The Killing of a Community: The Story of Lindytown

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Over Lindytown, by Jim Allyn

 

The story of Lindytown is a warning for Roşia Montană. It tells what happens to a community when corporate profits are valued more than the natural and cultural heritage of a community… when profit is valued more than the people, themselves.

 

In the shadows of the Appalachian Mountains of America, there is a town that no longer echoes with Sunday morning church bells or children’s laughter in the park. The peaches that ripen in late summer never become a part of Grandmother’s pie or Aunt Ellie’s cobbler. Instead, they lie untouched on the ground, turning the same color as the dust that settles on the deserted buildings; only a single occupied house is all that remains of a community that once thrived on the ore that lay under its feet. This is the story of how a coal mining community thrived, prospered and died in the mountains of West Virginia.

For generations of coal miners, Lindytown was home. Father and son donned their hard hats and miner’s lamps and descended deep into the bowels of the earth to extract coal from the rich deposits that lay undisturbed for millions of years. For a growing country hungry for energy resources, coal brought prosperity and abundance to the community. Families worked hard during the week, coming together on weekends for picnics and social gatherings, sharing the fruits of their labor with their friends and neighbors.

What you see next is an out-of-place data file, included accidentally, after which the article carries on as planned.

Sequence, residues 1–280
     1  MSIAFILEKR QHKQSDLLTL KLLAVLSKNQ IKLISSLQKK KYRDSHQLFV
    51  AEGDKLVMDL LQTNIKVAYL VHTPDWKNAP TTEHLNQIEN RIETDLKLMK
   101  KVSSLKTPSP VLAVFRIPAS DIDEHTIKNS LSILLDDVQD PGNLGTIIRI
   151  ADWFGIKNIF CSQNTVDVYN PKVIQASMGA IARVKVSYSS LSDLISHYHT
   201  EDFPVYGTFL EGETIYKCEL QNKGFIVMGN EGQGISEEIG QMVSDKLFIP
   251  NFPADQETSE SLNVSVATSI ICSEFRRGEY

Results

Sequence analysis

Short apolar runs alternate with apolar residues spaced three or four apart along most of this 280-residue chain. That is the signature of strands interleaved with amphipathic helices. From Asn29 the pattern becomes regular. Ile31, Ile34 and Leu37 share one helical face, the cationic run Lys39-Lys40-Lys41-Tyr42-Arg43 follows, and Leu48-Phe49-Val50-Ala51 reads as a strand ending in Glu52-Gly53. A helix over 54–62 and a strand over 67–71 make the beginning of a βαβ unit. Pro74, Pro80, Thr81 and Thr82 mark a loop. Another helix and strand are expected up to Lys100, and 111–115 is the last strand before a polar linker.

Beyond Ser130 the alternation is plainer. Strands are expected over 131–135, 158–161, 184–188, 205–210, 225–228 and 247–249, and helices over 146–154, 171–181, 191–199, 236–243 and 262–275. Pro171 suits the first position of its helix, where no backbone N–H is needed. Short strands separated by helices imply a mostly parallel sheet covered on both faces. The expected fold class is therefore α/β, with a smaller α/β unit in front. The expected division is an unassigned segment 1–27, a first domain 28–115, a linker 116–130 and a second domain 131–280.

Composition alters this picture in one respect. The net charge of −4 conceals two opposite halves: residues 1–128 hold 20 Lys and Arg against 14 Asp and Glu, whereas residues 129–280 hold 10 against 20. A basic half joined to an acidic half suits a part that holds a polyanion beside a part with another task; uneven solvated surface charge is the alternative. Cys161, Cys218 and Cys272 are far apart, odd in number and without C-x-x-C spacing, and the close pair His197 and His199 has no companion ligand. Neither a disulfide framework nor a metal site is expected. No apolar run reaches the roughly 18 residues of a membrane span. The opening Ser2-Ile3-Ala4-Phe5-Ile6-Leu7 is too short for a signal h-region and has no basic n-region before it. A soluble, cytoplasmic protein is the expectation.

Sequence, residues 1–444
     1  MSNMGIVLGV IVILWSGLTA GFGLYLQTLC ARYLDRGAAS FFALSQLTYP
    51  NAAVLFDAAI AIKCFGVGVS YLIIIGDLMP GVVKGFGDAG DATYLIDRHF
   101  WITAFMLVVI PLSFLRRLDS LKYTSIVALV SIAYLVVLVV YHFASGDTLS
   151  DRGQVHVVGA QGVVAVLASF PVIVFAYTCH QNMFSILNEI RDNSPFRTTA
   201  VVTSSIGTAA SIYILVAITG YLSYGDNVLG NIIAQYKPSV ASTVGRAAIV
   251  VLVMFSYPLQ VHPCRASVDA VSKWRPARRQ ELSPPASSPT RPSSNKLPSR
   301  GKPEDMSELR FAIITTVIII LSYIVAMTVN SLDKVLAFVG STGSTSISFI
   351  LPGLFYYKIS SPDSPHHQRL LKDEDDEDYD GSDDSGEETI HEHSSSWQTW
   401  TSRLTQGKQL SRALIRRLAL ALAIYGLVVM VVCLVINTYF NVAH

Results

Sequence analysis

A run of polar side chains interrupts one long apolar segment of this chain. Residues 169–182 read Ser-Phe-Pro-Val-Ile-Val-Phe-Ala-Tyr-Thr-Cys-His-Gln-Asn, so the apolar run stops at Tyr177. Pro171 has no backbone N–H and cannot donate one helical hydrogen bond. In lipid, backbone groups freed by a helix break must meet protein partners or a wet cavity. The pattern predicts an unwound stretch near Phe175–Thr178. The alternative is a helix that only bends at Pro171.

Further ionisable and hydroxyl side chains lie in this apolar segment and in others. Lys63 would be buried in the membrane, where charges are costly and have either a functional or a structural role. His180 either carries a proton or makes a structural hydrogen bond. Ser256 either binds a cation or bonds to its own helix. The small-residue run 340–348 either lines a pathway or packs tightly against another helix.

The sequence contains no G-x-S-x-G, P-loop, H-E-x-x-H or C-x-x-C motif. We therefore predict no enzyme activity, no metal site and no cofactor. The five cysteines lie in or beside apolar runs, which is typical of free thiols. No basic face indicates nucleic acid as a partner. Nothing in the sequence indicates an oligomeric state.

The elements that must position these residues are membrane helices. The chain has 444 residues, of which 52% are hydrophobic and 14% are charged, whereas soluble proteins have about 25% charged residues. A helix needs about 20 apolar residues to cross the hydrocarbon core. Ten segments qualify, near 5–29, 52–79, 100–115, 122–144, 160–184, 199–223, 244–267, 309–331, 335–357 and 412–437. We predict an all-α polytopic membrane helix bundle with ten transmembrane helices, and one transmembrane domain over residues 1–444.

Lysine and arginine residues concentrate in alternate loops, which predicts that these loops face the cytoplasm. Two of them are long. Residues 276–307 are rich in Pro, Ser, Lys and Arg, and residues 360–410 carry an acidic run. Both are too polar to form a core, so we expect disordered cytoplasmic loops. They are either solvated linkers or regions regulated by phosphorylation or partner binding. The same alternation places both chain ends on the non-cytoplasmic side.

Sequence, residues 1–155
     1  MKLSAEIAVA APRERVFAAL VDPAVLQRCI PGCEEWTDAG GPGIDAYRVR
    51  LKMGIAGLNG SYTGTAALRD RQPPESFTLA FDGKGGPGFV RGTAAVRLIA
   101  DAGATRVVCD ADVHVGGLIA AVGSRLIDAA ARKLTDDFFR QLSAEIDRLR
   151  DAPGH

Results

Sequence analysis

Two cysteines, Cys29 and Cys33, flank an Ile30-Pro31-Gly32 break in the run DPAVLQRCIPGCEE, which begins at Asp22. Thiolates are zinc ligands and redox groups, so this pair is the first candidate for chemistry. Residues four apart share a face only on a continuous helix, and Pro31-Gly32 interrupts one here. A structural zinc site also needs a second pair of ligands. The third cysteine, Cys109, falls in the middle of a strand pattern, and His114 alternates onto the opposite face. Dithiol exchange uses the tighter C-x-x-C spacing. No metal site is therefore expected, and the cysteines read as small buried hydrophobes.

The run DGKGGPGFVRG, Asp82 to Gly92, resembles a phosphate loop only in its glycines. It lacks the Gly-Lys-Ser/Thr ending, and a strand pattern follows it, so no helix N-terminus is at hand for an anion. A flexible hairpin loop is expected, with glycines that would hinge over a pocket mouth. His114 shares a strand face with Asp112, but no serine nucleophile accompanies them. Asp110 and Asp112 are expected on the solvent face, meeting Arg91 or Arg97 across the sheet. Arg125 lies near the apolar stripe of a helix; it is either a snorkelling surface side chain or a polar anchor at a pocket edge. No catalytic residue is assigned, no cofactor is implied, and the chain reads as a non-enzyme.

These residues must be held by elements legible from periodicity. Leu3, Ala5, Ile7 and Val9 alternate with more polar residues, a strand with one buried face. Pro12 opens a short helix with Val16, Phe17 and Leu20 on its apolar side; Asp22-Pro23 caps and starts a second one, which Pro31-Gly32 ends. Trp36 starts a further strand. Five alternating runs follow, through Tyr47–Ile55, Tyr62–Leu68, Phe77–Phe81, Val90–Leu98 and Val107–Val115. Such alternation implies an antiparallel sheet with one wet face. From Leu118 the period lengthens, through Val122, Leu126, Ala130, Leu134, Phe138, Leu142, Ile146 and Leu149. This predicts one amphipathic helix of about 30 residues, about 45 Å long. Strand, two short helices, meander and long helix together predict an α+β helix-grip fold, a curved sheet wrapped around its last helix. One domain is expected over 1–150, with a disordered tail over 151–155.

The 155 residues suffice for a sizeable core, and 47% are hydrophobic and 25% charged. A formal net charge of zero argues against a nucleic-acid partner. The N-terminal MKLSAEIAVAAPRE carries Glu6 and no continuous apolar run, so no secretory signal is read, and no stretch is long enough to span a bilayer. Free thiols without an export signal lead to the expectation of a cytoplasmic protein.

Lindytown was a community. It had a market and a school, a church and a cemetery. People lived and laughed and loved. They were born here and died here. Lindytown was alive with their hopes and dreams, their pains and their joys.

But time brought change as time always does. No longer was it profitable to send men down into galleries to blast and dig their way through miles of earth. It became a new game with new rules. Multi-million dollar companies took over the mineral rights choosing not to mine underground as before; instead, they removed mountains, filled in streams and forever altered the land. This was progress and progress had come to Lindytown.

In 2009, Massey Energy began to buy up the houses and land that made up Lindytown. This served two purposes; it allowed for the expansion of mining operations and it also removed the possibility that residents would file lawsuits against the Company for causing health problems. Several recent studies have linked open pit mining to increased health risks including a University of West Virginia study indicating residents near open pit mining operations were twice as likely to develop cancer.

At first, the townspeople said they would not move. They were a community and this was their home. Their heritage was tied to this land; their fathers and mothers and brothers were buried here.